Chinese acupuncture is a popular mode of treatment and it is a significant branch of Traditional Chinese Medicine. It is believed to be practiced for more than thousands of years. So it has a long history of use for various conditions (see below).
The treatment can be surprisingly painless and relaxing, even though needles are the main feature of Chinese acupuncture. The needles are pushed into specific points in the body commonly regarded as acupuncture points or acupoints. Around 365 acupoints are scattered on the human body. These are connected by energy pathways termed as meridians. The energy which circulates the body is called Qi and is part of maintaining the balance in the body.
Needles used in Ancient China were unlike the modern needles used today. Back then, the needles were carved from either bones or stones. But thanks to advancements in technology which included the improvement of acupuncture needles, clients feel little to no pain because of modern needles, though sharp are ultra-thin and made of stainless steel.
The practice is so old, that it’s exact development is unclear. Of course, theories abound. One is that the first physicians were also Taoist Monks & Martial Artists, who developed extra-sensory skills, including having visions of the first acupuncture charts.
Chinese Medicine theory is also ancient. It considers magnetic-electric force fields, cosmology, the energetic effects of climate changes, the effect of emotional stress on the immune system and our organs. Concepts that modern research is now demonstrating. Chinese acupuncture has stood the test of time and is now used in most countries, and in many hospitals, including hospitals in Melbourne. 95% of our Melbourne patients here are pleasantly surprised that they don’t even feel the insertion of the needles, and within minutes, the stimulation of neurotransmitter release such as endorphins, makes acupuncture an amazingly relaxing experience for the vast majority of people. And then there’s the specific benefits of it.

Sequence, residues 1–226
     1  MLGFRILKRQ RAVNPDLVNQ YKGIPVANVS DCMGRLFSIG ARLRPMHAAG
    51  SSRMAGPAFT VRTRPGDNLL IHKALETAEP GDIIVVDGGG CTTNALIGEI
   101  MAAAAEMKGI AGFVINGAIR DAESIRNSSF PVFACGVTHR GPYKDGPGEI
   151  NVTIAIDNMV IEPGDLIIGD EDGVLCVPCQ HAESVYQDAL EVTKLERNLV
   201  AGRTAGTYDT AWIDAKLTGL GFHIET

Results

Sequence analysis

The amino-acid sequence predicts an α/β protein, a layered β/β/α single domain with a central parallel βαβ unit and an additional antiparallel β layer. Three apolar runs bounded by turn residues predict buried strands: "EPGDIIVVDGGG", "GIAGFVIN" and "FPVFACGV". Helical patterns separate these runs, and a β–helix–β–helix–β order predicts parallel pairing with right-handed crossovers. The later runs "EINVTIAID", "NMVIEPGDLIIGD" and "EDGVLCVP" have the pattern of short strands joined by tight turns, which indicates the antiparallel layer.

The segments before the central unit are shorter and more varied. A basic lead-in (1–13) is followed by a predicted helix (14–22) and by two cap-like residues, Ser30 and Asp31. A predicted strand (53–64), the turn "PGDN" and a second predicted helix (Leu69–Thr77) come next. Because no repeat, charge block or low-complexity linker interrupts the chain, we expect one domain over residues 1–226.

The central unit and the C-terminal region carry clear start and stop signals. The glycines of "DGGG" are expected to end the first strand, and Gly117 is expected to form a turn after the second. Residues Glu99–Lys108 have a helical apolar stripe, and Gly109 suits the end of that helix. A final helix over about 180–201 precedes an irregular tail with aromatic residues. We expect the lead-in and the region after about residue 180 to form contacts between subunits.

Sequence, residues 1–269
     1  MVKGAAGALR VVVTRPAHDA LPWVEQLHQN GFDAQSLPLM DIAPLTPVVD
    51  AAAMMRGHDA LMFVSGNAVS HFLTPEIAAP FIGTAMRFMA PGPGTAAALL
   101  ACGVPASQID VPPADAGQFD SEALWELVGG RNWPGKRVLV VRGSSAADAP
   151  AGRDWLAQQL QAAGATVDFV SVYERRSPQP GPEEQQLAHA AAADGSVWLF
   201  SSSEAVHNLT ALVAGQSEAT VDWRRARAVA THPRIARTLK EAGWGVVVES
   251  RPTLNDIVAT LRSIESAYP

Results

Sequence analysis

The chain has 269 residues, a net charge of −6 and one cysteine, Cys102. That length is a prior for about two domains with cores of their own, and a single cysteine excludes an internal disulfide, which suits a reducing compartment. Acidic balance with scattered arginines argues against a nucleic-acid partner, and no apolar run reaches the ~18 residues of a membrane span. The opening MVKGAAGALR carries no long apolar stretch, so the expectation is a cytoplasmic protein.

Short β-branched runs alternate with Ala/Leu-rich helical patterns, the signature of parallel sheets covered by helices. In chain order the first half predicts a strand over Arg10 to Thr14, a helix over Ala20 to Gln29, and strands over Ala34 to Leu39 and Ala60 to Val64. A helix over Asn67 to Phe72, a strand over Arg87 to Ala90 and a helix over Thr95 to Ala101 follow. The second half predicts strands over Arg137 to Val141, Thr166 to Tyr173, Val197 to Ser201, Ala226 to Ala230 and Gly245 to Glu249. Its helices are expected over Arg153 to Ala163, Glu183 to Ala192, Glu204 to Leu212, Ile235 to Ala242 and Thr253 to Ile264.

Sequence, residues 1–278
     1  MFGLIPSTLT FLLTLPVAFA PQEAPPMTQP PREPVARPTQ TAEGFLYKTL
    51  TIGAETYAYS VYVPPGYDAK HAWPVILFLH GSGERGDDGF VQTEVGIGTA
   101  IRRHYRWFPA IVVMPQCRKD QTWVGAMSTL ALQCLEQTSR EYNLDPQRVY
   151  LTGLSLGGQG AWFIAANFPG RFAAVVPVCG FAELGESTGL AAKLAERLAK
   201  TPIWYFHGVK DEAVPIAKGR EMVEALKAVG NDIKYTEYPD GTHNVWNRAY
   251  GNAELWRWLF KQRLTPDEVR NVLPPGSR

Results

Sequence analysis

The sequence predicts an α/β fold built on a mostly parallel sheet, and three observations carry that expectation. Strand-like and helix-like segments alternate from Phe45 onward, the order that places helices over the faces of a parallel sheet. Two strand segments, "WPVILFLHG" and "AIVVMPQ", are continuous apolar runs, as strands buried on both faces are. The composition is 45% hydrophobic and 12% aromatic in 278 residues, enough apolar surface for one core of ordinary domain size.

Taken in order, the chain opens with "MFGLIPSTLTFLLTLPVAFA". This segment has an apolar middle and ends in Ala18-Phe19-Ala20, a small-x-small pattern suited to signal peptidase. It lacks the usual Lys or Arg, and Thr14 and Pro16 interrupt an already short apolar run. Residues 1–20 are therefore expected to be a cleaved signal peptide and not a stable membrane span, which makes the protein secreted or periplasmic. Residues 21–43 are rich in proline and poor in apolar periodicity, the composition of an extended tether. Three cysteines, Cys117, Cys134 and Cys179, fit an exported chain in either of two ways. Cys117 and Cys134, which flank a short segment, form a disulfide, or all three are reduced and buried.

The Benefits of Chinese Acupuncture
- It is surprisingly relaxing ~ask someone who’s had acupuncture~ they’ll tell you
- It is often a helpful combination treatment (with other types of therapy)
- It is effective in treating most types of pain*
- There are very few side effects
- and much more..
What can Acupuncture treat?
Acupuncture has a long history of use for many conditions. Although we only like to list the conditions that acupuncture research has current high quality evidence for. These conditions are: (click for links to quality research)
- Hay Fever (Allergic Rhinitis)
- Knee osteoarthritis
- Labour pain¹
- Egg retrieval pain¹
- Period Pain¹
- Tension-type headaches
- Postoperative pain¹
- Low Back Pain
- Acute burns pain¹
- Chemotherapy-induced nausea and vomiting
- Allergic Asthma in Adults
- Pelvic Pain
- Neck Pain
- Plantar Fasciitis/ Heel Pain
- Post-traumatic Stress Disorder
- Irritable Bowel Syndrome
- Menopausal Hot Flushes
- Shoulder Pain
- TMJ Pain
The British Acupuncture Council has compiled information on the research into 60 conditions treated by acupuncture: